Gertrud Luckner

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Dr. Gertrud Luckner - Stolperstein Freiburg

Gertrud Luckner (born 26 September 1900 in Liverpool - dead 31 August 1995 in Freiburg im Breisgau) was a Christian social worker involved in the German resistance to Nazism. A member of the banned German Catholic Peace Movement, she organised food packages for Jews deported to Poland, and travelled Germany giving assistance to Jewish families. On one such journey, she was arrested, and spent the remainder of the war in Ravensbrück concentration camp.[1] She was named as righteous among the Nations by Yad Vashem in 1966.[2]

Life[edit]

Early life and education[edit]

Born Jane Hartmann in Liverpool, England on September 26, 1900, her parents were from Germany and returned there when she was still a young child. She had no siblings and was orphaned in early childhood.[3] At the age of seven she was sent to foster parents, who changed her name to Gertrud Luckner. In the 1920s she returned to England to study at Woodbrooke, the Quaker college in Birmingham. During the holidays she worked in the slums as a hospital almoner.

She also studied at Konigsberg. and at the universities of Frankfurt and Freiburg, where she obtained her doctorate in 1938.[2] Her dissertation was on “Self-help Among the Unemployed in England and in Wales Based on English History of Ideas and Economics.”[3]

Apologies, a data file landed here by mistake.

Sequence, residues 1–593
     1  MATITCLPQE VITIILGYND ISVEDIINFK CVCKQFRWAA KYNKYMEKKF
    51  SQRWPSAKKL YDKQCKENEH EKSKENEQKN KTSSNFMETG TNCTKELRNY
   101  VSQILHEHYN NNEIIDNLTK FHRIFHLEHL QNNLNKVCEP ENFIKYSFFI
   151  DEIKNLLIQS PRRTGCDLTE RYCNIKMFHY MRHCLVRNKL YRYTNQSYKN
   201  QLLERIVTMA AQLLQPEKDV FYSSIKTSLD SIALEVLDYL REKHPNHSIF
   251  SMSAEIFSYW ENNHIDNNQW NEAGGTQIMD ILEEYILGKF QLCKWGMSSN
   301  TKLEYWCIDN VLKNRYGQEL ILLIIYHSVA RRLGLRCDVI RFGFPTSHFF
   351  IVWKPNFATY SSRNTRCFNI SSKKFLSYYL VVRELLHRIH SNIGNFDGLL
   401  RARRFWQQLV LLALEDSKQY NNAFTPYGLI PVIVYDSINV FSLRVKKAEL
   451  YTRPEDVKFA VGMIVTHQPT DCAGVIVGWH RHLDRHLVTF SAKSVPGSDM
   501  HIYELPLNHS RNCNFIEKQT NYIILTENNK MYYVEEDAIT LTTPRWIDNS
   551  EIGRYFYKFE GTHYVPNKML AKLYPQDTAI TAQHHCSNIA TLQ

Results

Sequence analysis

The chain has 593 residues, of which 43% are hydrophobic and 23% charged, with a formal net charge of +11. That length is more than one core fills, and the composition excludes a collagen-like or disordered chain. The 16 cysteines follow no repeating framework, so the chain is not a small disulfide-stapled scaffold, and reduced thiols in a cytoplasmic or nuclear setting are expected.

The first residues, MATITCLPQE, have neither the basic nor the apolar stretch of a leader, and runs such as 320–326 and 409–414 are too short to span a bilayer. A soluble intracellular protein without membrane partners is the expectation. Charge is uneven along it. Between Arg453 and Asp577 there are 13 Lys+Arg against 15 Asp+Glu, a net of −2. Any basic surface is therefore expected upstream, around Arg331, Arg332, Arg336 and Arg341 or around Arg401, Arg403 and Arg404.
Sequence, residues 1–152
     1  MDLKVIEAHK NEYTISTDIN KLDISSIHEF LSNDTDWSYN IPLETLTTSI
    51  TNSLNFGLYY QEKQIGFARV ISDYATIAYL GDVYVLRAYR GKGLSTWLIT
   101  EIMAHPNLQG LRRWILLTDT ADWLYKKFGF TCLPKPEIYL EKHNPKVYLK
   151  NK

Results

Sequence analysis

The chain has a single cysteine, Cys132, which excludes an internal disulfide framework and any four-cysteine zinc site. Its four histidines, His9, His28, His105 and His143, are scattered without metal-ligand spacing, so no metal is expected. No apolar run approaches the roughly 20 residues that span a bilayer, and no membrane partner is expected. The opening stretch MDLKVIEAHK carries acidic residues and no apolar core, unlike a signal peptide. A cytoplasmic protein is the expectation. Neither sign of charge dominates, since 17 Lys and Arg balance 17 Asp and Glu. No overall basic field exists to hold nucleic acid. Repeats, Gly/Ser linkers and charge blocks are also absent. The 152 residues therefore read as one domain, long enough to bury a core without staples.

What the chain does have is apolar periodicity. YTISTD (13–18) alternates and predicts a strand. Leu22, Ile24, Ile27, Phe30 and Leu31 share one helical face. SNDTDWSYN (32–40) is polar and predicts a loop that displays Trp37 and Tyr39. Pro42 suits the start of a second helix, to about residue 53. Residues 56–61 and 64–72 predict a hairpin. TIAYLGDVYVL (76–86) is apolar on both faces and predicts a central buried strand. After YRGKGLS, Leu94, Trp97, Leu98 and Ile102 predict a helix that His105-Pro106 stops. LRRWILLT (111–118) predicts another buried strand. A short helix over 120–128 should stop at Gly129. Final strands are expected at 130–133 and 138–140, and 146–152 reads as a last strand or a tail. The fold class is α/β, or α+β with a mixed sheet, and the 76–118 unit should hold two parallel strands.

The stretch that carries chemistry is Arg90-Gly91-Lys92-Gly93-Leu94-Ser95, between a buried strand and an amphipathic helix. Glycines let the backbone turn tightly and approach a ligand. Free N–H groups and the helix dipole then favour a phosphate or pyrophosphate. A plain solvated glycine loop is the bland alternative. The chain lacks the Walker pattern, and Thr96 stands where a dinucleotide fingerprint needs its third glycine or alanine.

Social work and resistance to Nazism[edit]

Upon the death of her adoptive parents, Gertrud moved to Freiburg. A pacifist, she joined the German Catholics' Peace Association and when the Nazis came to power in 1933, she worked freelance with the Catholic aid organisation Caritas, in Freiburg,[2] where she arranged exit opportunities for Jews. Under the direction of Caritas President Benedict Kreutz, Caritas expanded its activities.[4] Raised a Quaker, in 1934 she was received into the Roman Catholic Church.

Each week she collected the foreign newspapers discarded by the university library in order to read the news that was not being reported in German papers.[5] Among German Catholic laity, Luckner was among the first to sense the genocidal inclinations of the Hitler regime and to attempt national action.[6]